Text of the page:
- For example, for a healthy young athletic dog, if feeding ground beef as an additional energy source on top of the dog’s diet of kibble or freeze-dried dog food, then a higher fat ground beef might be the best choice as long as the dog can tolerate more fat.
- Does your dog have an intolerance to fat pancreatitis, or is your dog overweight or in the obese range?
- If your dog has any of these conditions, you’ll want to stick to ground beef that is 5% fat, 10% at the most.
- Is your dog having an upset stomach, diarrhea, or vomiting? Do you want to use ground beef as part of a temporary bland diet?
- For stomach issues and using ground beef, it’s best to choose 5-10% fat ground beef and always cook it. The lower the fat for digestive problems, the better.
FEEDING GRASS-FED VS. GRAIN-FED BEEF FOR YOUR DOG
Often, dog owners want to know if grass-fed beef is better than beef from cattle fed a diet of grains. The short answer is that grass-fed meat has many advantages over grain-fed beef. Studies have shown that cattle fed an exclusively grass-fed diet are associated with a healthier fatty acid profile and higher antioxidants because of the lush greens they consume. Grass-fed beef is also typically lower in overall fat content while having twice the omega-3 fatty acids as conventional grain-fed beef. Grass-fed beef is also higher in Vitamin A and E precursors, such as beta-carotene. While dogs can mainly use Vitamin A in the form of retinol, they can use beta-carotene as an antioxidant and free radical fighter, which is beneficial for immune system health.
FEEDING RAW GROUND BEEF TO DOGS
From a nutritional standpoint, the nutrient values of raw ground beef will differ from cooked ground beef, which also depends on the percentage of fat in the ground beef. Contrary to popular belief, it is a myth that cooking ground beef or other foods destroys nutrients. It does not destroy them; it just changes them. Raw meat fed to dogs has its pros and cons, and you, as the dog owner, need to decide what is best for your dog.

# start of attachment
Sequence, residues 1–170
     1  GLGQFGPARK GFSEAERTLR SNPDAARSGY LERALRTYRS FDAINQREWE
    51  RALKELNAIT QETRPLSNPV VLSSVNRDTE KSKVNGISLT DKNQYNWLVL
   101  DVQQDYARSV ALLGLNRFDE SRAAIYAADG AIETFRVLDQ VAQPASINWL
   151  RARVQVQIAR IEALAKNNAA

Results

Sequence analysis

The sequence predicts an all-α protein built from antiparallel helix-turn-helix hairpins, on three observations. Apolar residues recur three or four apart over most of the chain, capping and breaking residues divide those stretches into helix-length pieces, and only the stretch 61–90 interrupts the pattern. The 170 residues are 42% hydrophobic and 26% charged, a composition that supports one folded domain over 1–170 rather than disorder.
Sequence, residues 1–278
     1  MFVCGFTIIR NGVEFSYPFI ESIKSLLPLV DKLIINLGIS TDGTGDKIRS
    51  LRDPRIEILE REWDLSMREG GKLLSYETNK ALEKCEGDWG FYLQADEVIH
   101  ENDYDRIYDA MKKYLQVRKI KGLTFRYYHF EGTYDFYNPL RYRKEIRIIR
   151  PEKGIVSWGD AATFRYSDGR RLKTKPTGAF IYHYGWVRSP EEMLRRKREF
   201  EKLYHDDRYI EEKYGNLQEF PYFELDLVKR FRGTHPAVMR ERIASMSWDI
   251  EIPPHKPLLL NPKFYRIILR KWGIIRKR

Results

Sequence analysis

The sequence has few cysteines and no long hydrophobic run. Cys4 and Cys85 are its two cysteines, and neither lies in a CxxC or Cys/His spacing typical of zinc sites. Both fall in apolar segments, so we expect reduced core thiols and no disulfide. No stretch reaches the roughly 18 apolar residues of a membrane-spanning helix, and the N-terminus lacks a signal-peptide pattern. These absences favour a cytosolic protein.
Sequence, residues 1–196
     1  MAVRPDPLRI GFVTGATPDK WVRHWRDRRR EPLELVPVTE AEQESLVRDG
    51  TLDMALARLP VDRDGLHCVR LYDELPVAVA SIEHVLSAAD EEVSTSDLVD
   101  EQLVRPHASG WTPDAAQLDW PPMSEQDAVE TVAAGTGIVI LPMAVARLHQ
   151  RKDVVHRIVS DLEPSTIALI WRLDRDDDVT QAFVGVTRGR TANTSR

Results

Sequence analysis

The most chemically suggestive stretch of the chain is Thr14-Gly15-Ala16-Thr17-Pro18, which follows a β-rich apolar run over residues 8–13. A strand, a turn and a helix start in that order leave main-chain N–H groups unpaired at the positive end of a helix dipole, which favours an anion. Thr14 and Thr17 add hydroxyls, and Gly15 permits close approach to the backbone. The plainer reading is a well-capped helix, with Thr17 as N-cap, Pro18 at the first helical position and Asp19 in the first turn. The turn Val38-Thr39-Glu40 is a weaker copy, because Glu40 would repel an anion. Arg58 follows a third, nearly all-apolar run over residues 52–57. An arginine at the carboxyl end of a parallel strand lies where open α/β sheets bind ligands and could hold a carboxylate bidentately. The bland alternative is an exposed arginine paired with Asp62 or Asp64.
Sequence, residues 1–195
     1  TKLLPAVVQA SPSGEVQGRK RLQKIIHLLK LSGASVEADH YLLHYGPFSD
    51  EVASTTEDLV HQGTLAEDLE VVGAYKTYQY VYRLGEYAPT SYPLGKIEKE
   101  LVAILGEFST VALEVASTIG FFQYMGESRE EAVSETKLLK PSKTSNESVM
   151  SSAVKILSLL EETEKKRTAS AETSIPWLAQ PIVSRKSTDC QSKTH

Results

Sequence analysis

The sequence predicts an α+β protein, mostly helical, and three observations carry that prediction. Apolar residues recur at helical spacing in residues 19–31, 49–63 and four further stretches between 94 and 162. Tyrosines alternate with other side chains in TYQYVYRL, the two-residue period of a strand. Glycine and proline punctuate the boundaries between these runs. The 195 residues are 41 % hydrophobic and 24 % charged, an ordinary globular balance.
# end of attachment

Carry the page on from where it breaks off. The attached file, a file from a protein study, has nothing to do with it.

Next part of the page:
WHAT TYPES OF MEAT ARE GOOD?
From a safety standpoint, it’s best to feed raw ground beef from a high-quality source such as a local farm or co-op. Grocery store ground beef is ok to provide but is not as high quality as a local farm. If the raw ground beef is grass-fed, that’s also a plus! Salmonella and other harmful bacteria can be present in raw meat, so high-quality beef is key to reducing bacterial risks.
Unfortunately, a raw meat diet is not as simple as putting raw ground beef, eggs, and bones for calcium in a dog bowl and feeding it. You need to make sure that you are meeting nutrient requirements for your dog using NRC or AAFCO standards, and a raw diet like the one listed above would considerably fall short in meeting nutrient requirements. Dog owners who want to feed a raw diet are best off feeding a commercial raw pet food product to meet nutrient requirements or working with a canine nutritionist for a complete and balanced recipe.
USING RAW GROUND BEEF AS AN ADDITION
You can still use raw ground beef to add to your dog’s regular dog food by topping some on their kibble or freeze-dried pet food. Just be sure to consider the fat content of the beef, so you avoid digestive upset. If your dog is prone to pancreatitis, it is best to work with a canine nutritionist or veterinarian before adding additional ingredients to your dog’s regular dog food.
While ground beef is boneless, you want to avoid feeding large, weight-bearing, raw beef bones (like the knuckle) to your dog. These weight-bearing bones can break teeth, splinter, or cause a blockage. They aren’t as safe to feed your dog as other raw meaty bones might be. Raw beef marrow bones can be a safe chew as long as you supervise your dog during this time. It’s also important to remember that you should never feed your dog cooked bones as those are very dangerous.
FEEDING GROUND BEEF AS PART OF A BLAND DIET
A bland, cooked diet is used for a short period to alleviate gastrointestinal upset a dog might be experiencing for many reasons. The bland diet temporarily replaces a dog’s regular dog food, whether kibble, freeze-dried or raw diet, to calm down a dog’s stomach and allow it a chance to heal. In the simplest explanation, your dog’s regular pet food will be replaced with bland foods consisting of a lean-meat protein source, starchy carbohydrate, with a bit of fiber. These bland foods are fed to your dog as a home remedy to stop vomiting or diarrhea so your dog can return to normal pet food with regular bowel movements. Raw food or any dog treats are not recommended for a bland diet.